Common Eyedrops Causes Human Hair to Regrow Promising Baldness Cure, Study Shows
For people who are faced with unwanted hair loss (alopecia) such as in cases of male pattern baldness, researchers have recently reported their findings that the glaucoma drug “Bimatoprost” can actually cause human hair to regrow as demonstrated in both mouse and human scalp skin cells.
In what is described as yet another case where a drug designed for treating one condition shows unexpected efficacy in working as a drug for another, unrelated condition, scientists are excited about the potential value this already FDA-approved drug may hold for increasing the quality of life for many who are bald or going bald. Similar incidences of serendipity that resulted in useful and profitable medical treatments include Viagra, which was originally designed for treating hypertension and angina, and with Minoxidil, which was also originally designed for treating hypertension.
Although the glaucoma drug Bimatoprost has been previously prescribed not only for treating glaucoma, but for lengthening eyelashes, its application for head hair growth has presumably been largely ignored due to that eyelash hair and follicle cells significantly differ from other hair types and are not responsive to testosterone levels—a primary source of hair loss in male pattern baldness.
However, since the effect(s) if any that Bimatoprost can have on other hair types was previously largely undetermined, researchers from the University of Bradford in the UK decided to perform three experiments—two of which tested Bimatoprost on human cells grown in culture and from human scalp, and a third experiment on the skin of bald areas on mice.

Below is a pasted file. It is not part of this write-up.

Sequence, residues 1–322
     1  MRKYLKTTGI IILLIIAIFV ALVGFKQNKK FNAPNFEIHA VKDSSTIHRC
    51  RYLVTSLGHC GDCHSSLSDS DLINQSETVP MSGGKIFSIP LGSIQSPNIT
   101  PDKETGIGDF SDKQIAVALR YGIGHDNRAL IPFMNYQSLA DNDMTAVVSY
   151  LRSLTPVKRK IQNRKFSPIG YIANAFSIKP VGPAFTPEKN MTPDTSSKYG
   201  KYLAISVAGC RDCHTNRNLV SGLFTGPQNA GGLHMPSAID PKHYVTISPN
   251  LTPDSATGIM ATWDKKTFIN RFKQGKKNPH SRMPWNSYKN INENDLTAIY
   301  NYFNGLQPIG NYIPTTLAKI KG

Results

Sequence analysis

What the researchers found was that in all cases in the experiments, hair growth returned using Bimatoprost.
A news release quotes the researchers and the article’s publishing editor of the scientific publication The FASEB Journal as stating:
"We hope this study will lead to the development of a new therapy for balding, which should improve the quality of life for many people with hair loss," said Valerie Randall, a researcher involved in the work from the University of Bradford, Bradford, UK. "Further research should increase our understanding of how hair follicles work and thereby allow new therapeutic approaches for many hair growth disorders."
"This discovery could be the long-awaited follow up to Viagra that middle-aged men have been waiting for," said Gerald Weissmann, MD, editor-in-chief of The FASEB Journal. "Given that the drug is already approved for human use and its safety profile is generally understood, this looks like a promising discovery that has been right in front of our eyes the whole time. On to the front of our scalp!"
For additional informative health articles related to hair loss and baldness, follow the links listed below:
The 60-Second Baldness Test: Normal Hair Loss or Adrogenetic Alopecia?
Image Source: Courtesy of Wikipedia
Reference: “The prostamide-related glaucoma therapy, bimatoprost, offers a novel approach for treating scalp alopecias” The FASEB Journal (Oct. 26, 2012); Karzan G. Khidhir et al.